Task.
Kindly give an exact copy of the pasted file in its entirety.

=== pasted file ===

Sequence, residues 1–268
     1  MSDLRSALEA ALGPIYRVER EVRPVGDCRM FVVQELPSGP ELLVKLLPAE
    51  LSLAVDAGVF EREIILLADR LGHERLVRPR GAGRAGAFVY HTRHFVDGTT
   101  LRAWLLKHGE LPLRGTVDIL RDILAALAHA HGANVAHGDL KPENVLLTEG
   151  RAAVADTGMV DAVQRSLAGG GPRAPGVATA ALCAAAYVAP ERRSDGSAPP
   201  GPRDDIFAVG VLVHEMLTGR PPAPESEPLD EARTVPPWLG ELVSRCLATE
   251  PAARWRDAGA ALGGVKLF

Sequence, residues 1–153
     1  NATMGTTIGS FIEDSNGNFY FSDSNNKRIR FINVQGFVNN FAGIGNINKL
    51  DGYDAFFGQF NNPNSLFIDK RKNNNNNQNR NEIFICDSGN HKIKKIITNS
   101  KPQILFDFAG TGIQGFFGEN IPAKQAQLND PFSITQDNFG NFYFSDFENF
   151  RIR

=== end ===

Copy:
Sequence, residues 1–268
     1  MSDLRSALEA ALGPIYRVER EVRPVGDCRM FVVQELPSGP ELLVKLLPAE
    51  LSLAVDAGVF EREIILLADR LGHERLVRPR GAGRAGAFVY HTRHFVDGTT
   101  LRAWLLKHGE LPLRGTVDIL RDILAALAHA HGANVAHGDL KPENVLLTEG
   151  RAAVADTGMV DAVQRSLAGG GPRAPGVATA ALCAAAYVAP ERRSDGSAPP
   201  GPRDDIFAVG VLVHEMLTGR PPAPESEPLD EARTVPPWLG ELVSRCLATE
   251  PAARWRDAGA ALGGVKLF

Sequence, residues 1–153
     1  NATMGTTIGS FIEDSNGNFY FSDSNNKRIR FINVQGFVNN FAGIGNINKL
    51  DGYDAFFGQF NNPNSLFIDK RKNNNNNQNR NEIFICDSGN HKIKKIITNS
   101  KPQILFDFAG TGIQGFFGEN IPAKQAQLND PFSITQDNFG NFYFSDFENF
   151  RIR